8 Provisions and contingent liabilities
Provisions changed as follows in the first nine months of 2022:
In CHF million
|Balance at 1 January 2022||712||176||55||206||1,149|
|Additions to provisions||–||85||–||24||109|
|Adjustments recognised under property, plant and equipment||(58)||–||–||–||(58)|
|Release of unused provisions||–||–||(3)||(4)||(7)|
|Use of provisions||(17)||(72)||(13)||(27)||(129)|
|Foreign currency translation adjustments||–||–||–||(2)||(2)|
|Balance at 30 September 2022||639||198||39||197||1,073|
|Thereof current provisions||–||–||34||71||105|
|Thereof non-current provisions||639||198||5||126||968|
In accordance with the revised Telecommunications Act, Swisscom provides access services (incl. interconnection) to other telecommunications service providers in Switzerland. In previous years, several telecommunications service providers demanded ComCom reduce the prices charged to them by Swisscom. The procedures for setting access prices for 2013 onwards are still pending before ComCom. In addition, an appeal is pending before the Federal Administrative Court in connection with the interest on recovery claims from access-related proceedings, which should be based on the weighted average cost of capital (WACC).
The Competition Commission (COMCO) has opened various investigations against Swisscom in the past. In April 2013, COMCO opened an investigation against Swisscom under the Federal Cartel Act concerning the broadcasting of sporting events on pay TV. In May 2016, COMCO imposed a penalty of CHF 72 million on Swisscom in these proceedings. Swisscom appealed against this ruling before the Federal Administrative Court. In June 2022, the Federal Administrative Court largely confirmed COMCO’s ruling and ordered Swisscom to pay a fine of CHF 72 million. The fine was paid by Swisscom in the third quarter of 2022. Swisscom has lodged an appeal against the decision of the Federal Administrative Court with the Federal Court. Also pending are the appeals to the Federal Court against COMCO’s rulings in connection with the invitation to tender for a corporate network for Swiss Post and the precautionary measures concerning Swisscom’s fibre-optic expansion. In the event of a legally binding finding of abuse of a market-dominant position, claims could be asserted against Swisscom under civil law.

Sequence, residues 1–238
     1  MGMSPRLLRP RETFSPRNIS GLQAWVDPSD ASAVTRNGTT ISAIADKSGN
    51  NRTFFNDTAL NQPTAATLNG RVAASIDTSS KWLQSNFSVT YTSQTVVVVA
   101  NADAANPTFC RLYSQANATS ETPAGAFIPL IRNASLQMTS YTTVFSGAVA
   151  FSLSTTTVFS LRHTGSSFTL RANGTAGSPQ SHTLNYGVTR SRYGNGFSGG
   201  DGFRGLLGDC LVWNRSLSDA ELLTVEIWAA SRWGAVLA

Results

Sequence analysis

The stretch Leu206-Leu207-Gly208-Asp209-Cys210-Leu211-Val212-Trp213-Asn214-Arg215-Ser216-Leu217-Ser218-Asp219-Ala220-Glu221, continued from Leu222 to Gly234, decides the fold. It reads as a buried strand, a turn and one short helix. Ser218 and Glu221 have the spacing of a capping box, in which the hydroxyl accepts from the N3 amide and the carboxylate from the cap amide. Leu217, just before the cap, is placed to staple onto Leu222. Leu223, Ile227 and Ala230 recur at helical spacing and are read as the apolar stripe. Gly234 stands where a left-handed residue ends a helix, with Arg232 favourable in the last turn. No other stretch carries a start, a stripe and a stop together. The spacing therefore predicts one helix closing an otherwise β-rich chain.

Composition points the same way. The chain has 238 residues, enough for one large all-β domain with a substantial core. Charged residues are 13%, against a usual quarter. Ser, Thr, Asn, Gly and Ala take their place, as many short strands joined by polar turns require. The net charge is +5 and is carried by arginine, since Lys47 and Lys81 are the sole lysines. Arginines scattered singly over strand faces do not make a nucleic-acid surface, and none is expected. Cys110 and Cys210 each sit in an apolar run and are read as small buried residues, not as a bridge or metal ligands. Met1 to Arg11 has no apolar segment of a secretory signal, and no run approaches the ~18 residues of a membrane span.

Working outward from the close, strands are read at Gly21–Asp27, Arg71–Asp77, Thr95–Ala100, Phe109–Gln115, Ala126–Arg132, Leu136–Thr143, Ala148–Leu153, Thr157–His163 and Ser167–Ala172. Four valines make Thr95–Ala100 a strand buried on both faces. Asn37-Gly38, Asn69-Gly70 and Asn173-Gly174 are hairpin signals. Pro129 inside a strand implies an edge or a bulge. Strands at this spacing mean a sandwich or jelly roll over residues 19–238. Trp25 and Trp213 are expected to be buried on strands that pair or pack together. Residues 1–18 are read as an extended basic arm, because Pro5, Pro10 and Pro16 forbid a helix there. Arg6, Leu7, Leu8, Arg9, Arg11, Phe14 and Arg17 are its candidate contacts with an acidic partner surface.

In the past, Swisscom recognised provisions for regulatory and antitrust proceedings on the basis of legal assessments. As a result of the reassessment of these proceedings, provisions of CHF 85 million were made in the first nine months of 2022 and present-value adjustments of CHF 9 million were recorded. Any payments to be made will depend upon the date on which legally binding decrees and decisions are issued, and could probably occur within five years.